The Joy of Second-Hand
This weekend we were able to borrow a car for a couple of hours, and took the opportunity to go furniture shopping. I wanted a desk to be able to work from and as we recently sold our sofa to free up some space in the tiny flat, we now actually had room for one.
When we moved into our (unfurnished) flat 15 months ago, we decided that all the furniture we purchased would be second-hand. There were a number of reasons for this. The environmental factor was a big one, of course. Why buy something brand new when we could buy something old and give it another lease of life? New items are also always ridiculously overpackaged. Having just come from the UK, we had recently experienced selling a number of (once-new) items for significantly less than they had cost to buy. Not only did we realise the depreciation of new and shiny bits and pieces, but having seen the smiles of the people who were walking away with our stuff bought at cheap-as-chips prices, we realised that second hand furniture didn’t have to be rubbish and there were bargains to be had.
Our first purchases were a washing machine (I researched the top water efficient models currently on the market, and then looked for a second hand one) and two old but clean and surprisingly comfortable green armchairs which cost just $10. We have since added a bed, mattress and two bedside tables, a dining table and four chairs, the sofa (which we have just re-sold) and now the desk. I have also bought a couple of second-hand kitchen appliances. We’ve saved a few trees (and a lot of plastic packaging!) as well as a few dollars, and we’ve had only good experiences with everything we’ve bought.
Now I can’t imagine buying brand new furniture. That’s not to say I never will, but whilst there’s so much great pre-loved furniture out there just waiting for a new home, there just doesn’t seem to be any reason why I would.
Nine reasons why second hand furniture shopping is great:
In a world of finite resources, why waste what we have making new things when there are old things that can do the job perfectly well?
2. Plastic free
Second hand furniture never comes cling-wrapped or bubble-wrapped, there’s no individually wrapped drawer knobs and door knobs and screws, and there’s no plastic wallet for the ‘instruction manual’. In fact, there’s no instruction manual as it’s already been put together. Hurrah!
Second hand furniture is a chance to find exactly what you want – quirky, functional, antique, ethnic, bohemian, sensible – in the colour, material and size that you’re looking for. Rather than in the shops, where what you can buy is dictated by what the powers-that-be have decided is fashionable this year.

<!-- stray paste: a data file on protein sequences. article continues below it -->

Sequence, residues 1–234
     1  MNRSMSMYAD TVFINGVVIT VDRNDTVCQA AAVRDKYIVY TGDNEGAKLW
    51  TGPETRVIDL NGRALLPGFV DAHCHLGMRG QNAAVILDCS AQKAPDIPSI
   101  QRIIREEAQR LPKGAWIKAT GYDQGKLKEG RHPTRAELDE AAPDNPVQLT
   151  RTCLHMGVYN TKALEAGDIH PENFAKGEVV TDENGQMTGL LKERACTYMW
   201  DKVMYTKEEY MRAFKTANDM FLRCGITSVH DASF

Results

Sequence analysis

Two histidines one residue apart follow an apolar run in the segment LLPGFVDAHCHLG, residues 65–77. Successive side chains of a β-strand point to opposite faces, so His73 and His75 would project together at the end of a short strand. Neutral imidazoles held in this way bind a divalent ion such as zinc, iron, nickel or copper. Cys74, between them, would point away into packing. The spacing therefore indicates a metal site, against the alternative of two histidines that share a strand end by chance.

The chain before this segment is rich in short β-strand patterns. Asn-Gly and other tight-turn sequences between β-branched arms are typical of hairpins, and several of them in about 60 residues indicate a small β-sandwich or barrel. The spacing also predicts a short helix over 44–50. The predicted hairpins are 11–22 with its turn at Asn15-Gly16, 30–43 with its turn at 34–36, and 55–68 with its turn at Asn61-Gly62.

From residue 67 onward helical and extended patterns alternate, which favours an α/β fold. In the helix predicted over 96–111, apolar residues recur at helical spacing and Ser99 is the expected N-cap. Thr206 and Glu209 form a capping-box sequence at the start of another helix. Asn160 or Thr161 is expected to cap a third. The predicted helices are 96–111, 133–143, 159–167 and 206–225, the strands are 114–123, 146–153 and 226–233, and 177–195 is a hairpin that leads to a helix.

4. Better quality
Things that are made to last – guess what? – last. Things that are made to be cheap usually don’t. For the same price as you’d pay in the cheap mass-produced furniture warehouses you can buy solid items that will last much longer. And, as an added bonus, you don’t have to traipse around a mass-produced furniture warehouse clutching a colander and some wooden coat hangers that you’re sure will come in useful.
You how those new items you buy smell so…new? Well, that would be the volatile organic compounds, and you’re breathing them in. These are chemicals found in paints and coatings with low boiling points, which evaporate into the air. Because second-hand furniture is older, they will have less VOCs.
Second hand furniture is invariably going to be cheaper than its brand new equivalent, and rare antiques aside, most furniture will depreciate. Scuffs, knocks and scratches are bound to happen in time, so why pay a premium for scratch-free? People sometimes need to sell stuff in a hurry, and it’s possible to find real bargains. In fact, people give away items that they no longer need if they are going to a good home.
7. Glimpses into the lives of others
It’s not often that you are welcomed into a complete stranger’s house. I love getting to see new neighborhoods and briefly glimpsing the lives of people whose paths would probably never cross with mine, were it not for this brief transaction. Whilst that may sound a little odd (!), it’s really surprising how often people ask about your plans, or share their own history, and you make a connection. After all, you’re taking a tiny piece of their life, and placing it in your own. That’s how I feel, but maybe that’s just me!
No traipsing round the shops with half the local population at the weekend. Instead, browsing online from the comfort of my own home at a time that suite me and making a quick phone call or two.
There’s a quote from the movie Fight Club that goes “the things you own end up owning you”. I love the way that second-hand items feel transient… they might be mine now but they belonged to someone else before me and they’ll probably belong to someone else after me.
With the exception of one leather arm chair and a few mattresses, everything in our two storey farm house was bought second hand. We have some nice antiques and some that aren’t antique, but everything is much better quality than we could have bought new and will probably outlast my family. I like owning things with history. Money and quality were our main motivators, but I like that we live a bit more responsibly and sustainably because of our choices too.
I totally agree about owning things with history! Second-hand furniture shopping feels like treasure-hunting to me, so I imagine furnishing your house must have been loads of fun.
That is a cool desk!
Thanks! I love it!